Readers, do you remember when my relatives said that everything was different in the outside world? It certainly was. After leaving the house where I had spent my entire childhood, I had stood outside in the dark, dim light of the world when it was sleeping. There was not a sound, just the calm, warm resonance of lake water lapping at the shore, the scent of a summer breeze being carried through the trees, sending blankets of soft, green leaves down onto the carpet of green grass. I stood outside for nearly one hour, breathing the scents of summer beauty, admiring all that I could see at one time. Finally, lying in the shelter of a tall, sturdy maple tree, I fell asleep, comforted by the smells and sounds of nature.
In the morning, I awoke to the sounds of birdcalls. I had never before heard them, because my home had been so isolated from nature. I watched the sun rise from the horizon, watched the darkness of night fade, to be replaced by the vivid, bright golden colors of dawn. I slowly climbed up the maple tree, and sat on the lowest branch to eat my breakfast. I was so immersed in watching the sun rise that I did not notice an angry bird squawking and screeching above me.
The bird turned to its nest, reached in, then dropped a squirming, wriggling worm square on my head. I shook it off in anger, then threw it with all my might to where the bird was. The worm was too heavy for me, and I dropped it onto the carpet of green grass surrounding the tree. The bird fluffed up its feathers in contempt, then flew away to get more food for its chicks. I heaved a sigh of relief, then gradually slid down the tree trunk. I kicked the worm away, where it wriggled twice then stopped moving.
Sitting on the bag I had brought with me, I began to plan things out. I found a piece of tree bark which I used for a notebook to plan my journey, and I found some sticks to use as a calendar. I went back to the maple tree to grab more tree bark, and I stuffed the pieces into my bag. I found two old, rusted bottle caps, and I attached them to the bark pieces to make a wagon. I held everything together with some tree sap, and I put my bag onto the wagon. Now was the time to gather materials, I thought to myself. I should make use of the daylight while I have it.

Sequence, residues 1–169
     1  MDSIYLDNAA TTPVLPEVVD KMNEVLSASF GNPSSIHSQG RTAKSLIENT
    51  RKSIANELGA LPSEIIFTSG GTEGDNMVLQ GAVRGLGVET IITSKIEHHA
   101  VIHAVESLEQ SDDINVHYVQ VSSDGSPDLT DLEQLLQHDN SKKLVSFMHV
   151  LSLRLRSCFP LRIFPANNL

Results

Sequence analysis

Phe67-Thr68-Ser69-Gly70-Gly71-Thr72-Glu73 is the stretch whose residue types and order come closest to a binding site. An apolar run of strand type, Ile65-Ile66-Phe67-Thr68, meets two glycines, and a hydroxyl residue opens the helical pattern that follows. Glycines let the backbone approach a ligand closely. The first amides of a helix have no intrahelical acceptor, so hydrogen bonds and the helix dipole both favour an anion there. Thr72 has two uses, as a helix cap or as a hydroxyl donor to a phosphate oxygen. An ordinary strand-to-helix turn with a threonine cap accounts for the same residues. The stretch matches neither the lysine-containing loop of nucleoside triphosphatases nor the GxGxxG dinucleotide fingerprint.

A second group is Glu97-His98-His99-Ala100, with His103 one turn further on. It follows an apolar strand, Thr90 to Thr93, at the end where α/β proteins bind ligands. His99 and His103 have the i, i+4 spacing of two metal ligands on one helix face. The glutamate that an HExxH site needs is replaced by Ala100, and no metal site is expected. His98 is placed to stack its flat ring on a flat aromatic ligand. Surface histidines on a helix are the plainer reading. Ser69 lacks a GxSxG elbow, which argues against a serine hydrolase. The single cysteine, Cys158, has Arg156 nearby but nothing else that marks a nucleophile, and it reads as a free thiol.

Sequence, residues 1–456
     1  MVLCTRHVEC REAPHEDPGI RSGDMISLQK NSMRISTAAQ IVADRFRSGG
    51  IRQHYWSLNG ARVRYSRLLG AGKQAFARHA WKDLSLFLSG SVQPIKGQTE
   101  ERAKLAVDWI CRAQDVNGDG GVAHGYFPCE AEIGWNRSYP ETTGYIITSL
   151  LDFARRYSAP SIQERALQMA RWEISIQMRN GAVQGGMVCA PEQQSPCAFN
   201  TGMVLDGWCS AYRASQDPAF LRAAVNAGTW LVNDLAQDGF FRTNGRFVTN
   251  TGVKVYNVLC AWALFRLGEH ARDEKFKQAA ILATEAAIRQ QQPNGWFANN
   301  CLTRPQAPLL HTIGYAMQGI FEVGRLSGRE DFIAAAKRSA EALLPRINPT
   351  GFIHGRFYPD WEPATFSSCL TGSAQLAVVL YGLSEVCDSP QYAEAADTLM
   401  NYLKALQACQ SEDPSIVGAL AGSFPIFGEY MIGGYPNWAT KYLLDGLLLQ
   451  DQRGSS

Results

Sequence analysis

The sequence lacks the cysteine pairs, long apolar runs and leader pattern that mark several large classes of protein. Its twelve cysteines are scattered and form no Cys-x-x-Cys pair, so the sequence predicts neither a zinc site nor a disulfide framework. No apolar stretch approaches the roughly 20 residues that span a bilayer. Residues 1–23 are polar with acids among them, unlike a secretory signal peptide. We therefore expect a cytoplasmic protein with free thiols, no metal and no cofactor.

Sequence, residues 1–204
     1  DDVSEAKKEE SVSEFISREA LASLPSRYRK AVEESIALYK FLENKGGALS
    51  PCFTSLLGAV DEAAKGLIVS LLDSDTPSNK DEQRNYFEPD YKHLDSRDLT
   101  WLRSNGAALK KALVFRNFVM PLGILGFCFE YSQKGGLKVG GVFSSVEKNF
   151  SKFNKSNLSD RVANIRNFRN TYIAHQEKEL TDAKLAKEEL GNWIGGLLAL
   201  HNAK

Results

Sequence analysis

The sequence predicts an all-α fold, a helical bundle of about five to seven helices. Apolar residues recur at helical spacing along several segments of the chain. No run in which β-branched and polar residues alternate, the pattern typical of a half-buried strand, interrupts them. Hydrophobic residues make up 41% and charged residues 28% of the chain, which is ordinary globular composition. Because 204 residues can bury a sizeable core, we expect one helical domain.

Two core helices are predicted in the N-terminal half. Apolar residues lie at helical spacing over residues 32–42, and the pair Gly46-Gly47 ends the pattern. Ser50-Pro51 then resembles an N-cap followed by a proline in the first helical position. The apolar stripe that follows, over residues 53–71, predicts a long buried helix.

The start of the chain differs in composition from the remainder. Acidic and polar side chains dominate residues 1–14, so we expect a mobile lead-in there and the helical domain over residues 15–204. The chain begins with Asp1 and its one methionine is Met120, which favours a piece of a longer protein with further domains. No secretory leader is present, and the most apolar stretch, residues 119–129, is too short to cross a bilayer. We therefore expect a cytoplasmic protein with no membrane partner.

Pulling my wagon, I searched the base of the tree for any materials I could use to write with. With no luck, I sat down, brainstorming. My eyes wandered to the decaying worm, and I leaped onto my feet. I raced to the top of the tree as fast as I could, and sat on the highest branch. Looking down at the abandoned bird’s nest, I measured the distance with my eyes, and jumped. I landed on the very edge, but my weight caused the nest to tip over, and it sailed gracefully in the air before landing several feet away from my wagon. Panting with the effort, I slumped against the nest, trying to catch my breath. Once I had restored my energy, I hauled the wagon to the nest, and piled the eggshell bits into the wagon. The dried-up eggshells would work perfectly as chalk, and when I used up one piece, I still had some to spare. I counted the shell bits, and recorded it in my tree bark journal. Exhausted from all the muscle-stretching work I had done – building a wagon was no easy task – I ate a simple lunch and fell asleep. A day’s work had been done.